Xiaoqiong Qin

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The plant hormone abscisic acid is derived from the oxidative cleavage of a carotenoid precursor. Enzymes that catalyze this carotenoid cleavage reaction, nine-cis epoxy-carotenoid dioxygenases, have been identified in several plant species. Similar proteins, whose functions are not yet known, are present in diverse organisms. A putative cleavage enzyme(More)
Enzymes that are able to oxidatively cleave carotenoids at specific positions have been identified in animals and plants. The first such enzyme to be identified was a nine-cis-epoxy carotenoid dioxygenase from maize, which catalyzes the rate-limiting step of abscisic acid biosynthesis. Similar enzymes are necessary for the synthesis of vitamin A in animals(More)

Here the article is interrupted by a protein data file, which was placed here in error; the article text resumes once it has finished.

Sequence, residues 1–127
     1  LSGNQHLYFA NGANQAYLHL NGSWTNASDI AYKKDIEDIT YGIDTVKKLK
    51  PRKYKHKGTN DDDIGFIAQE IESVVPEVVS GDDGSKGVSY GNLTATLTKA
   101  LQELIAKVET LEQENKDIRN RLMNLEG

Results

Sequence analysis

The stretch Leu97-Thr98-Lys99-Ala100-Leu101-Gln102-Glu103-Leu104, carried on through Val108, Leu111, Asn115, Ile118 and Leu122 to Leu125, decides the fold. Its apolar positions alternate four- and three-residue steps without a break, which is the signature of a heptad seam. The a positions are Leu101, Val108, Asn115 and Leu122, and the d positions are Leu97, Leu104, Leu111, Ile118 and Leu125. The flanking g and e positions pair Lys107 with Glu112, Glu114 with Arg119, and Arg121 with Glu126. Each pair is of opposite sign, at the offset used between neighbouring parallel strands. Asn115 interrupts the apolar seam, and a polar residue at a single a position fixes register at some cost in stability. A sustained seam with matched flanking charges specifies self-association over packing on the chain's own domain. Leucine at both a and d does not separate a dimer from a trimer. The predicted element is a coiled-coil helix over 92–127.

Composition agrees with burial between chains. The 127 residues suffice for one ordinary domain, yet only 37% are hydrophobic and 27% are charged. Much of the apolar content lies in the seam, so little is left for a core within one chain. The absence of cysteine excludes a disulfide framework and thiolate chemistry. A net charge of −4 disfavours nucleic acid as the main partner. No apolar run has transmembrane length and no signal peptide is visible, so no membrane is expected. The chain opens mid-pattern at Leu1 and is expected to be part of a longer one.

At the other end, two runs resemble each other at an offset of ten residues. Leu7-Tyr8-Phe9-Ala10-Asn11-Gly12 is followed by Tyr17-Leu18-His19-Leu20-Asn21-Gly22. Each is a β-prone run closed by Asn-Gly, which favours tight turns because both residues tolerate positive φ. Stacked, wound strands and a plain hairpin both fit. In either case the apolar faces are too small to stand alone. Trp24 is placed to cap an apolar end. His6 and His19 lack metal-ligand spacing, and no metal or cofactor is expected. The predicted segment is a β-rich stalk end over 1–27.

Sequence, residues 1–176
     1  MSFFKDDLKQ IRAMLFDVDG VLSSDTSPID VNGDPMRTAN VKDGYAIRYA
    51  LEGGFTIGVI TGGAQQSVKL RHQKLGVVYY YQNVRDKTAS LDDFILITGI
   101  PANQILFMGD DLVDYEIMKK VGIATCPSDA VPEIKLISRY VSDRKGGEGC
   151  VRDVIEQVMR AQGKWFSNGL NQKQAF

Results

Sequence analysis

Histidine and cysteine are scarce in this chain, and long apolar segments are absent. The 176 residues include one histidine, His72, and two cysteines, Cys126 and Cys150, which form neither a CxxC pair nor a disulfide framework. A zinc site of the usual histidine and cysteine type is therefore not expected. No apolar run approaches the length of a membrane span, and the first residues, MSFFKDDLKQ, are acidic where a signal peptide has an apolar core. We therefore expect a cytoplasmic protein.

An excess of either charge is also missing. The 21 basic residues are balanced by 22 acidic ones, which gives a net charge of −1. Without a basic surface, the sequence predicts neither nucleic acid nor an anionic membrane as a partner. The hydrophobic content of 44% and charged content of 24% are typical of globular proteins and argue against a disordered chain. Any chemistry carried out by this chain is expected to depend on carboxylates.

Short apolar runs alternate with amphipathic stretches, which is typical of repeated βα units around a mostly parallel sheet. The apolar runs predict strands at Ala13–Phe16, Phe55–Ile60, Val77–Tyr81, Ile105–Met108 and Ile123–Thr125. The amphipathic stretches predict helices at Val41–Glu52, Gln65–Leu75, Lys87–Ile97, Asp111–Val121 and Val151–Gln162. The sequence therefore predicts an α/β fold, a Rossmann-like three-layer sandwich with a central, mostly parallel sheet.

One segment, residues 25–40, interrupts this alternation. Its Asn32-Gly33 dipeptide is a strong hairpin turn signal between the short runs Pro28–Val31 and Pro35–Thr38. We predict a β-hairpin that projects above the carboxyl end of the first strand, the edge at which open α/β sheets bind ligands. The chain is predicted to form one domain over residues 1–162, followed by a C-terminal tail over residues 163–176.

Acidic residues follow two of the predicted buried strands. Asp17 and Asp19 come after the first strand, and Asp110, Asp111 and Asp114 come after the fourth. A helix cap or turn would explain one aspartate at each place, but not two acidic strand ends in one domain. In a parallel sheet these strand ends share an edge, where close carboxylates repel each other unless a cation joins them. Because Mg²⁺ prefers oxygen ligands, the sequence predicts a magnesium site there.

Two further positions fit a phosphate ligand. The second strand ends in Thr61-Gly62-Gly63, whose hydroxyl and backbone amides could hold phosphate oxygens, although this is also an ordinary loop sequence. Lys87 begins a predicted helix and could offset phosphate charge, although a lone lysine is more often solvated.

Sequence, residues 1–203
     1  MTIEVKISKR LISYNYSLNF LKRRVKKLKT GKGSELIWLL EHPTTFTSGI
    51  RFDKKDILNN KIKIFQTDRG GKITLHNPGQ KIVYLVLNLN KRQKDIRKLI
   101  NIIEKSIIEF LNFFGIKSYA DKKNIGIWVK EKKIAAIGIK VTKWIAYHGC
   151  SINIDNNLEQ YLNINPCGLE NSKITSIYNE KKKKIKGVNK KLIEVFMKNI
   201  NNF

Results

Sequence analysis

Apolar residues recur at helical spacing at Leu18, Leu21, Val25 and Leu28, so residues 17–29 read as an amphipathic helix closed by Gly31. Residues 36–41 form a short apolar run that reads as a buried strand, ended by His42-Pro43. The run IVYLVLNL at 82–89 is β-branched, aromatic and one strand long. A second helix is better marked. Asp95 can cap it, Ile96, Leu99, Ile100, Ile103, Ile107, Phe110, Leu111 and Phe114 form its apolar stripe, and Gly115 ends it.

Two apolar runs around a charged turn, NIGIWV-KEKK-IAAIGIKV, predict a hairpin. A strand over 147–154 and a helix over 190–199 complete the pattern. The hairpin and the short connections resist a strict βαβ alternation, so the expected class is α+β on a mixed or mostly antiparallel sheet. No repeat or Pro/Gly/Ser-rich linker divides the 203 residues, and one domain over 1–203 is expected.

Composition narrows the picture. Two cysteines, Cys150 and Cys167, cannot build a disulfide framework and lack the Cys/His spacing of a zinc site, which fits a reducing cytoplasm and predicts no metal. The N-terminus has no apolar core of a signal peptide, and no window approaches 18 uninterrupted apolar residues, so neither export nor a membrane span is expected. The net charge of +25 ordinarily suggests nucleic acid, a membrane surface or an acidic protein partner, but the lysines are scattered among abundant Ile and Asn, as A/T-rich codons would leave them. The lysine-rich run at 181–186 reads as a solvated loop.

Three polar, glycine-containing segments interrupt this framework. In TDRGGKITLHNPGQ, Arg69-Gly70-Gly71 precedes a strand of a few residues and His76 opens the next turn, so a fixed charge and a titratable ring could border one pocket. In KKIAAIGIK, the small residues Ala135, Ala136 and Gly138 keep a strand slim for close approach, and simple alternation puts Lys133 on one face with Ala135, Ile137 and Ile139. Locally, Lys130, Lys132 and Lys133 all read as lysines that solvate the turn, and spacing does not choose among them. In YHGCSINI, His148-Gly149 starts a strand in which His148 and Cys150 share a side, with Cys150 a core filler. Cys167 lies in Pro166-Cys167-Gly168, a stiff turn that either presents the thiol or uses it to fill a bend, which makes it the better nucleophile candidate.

Abscisic acid (ABA) was discovered independently by several groups in the early 1960s. Originally believed to be involved in the abscission of fruit and dormancy of woody plants, the role of ABA in these processes is still not clear. ABA is, however, necessary for seed development, adaptation to several abiotic stresses, and sugar sensing. The regulation of(More)
The plant hormone abscisic acid (ABA) plays important roles in seed maturation and dormancy and in adaptation to a variety of environmental stresses. An effort to engineer plants with elevated ABA levels and subsequent stress tolerance is focused on the genetic manipulation of the cleavage reaction. It has been shown in bean (Phaseolus vulgaris) that the(More)
Abscisic acid (ABA) is a plant hormone found in all higher plants; it plays an important role in seed dormancy, embryo development, and adaptation to environmental stresses, most notably drought. The regulatory step in ABA synthesis is the cleavage reaction of a 9-cis-epoxy-carotenoid catalyzed by the 9-cis-epoxy-carotenoid dioxygenases (NCEDs). The(More)
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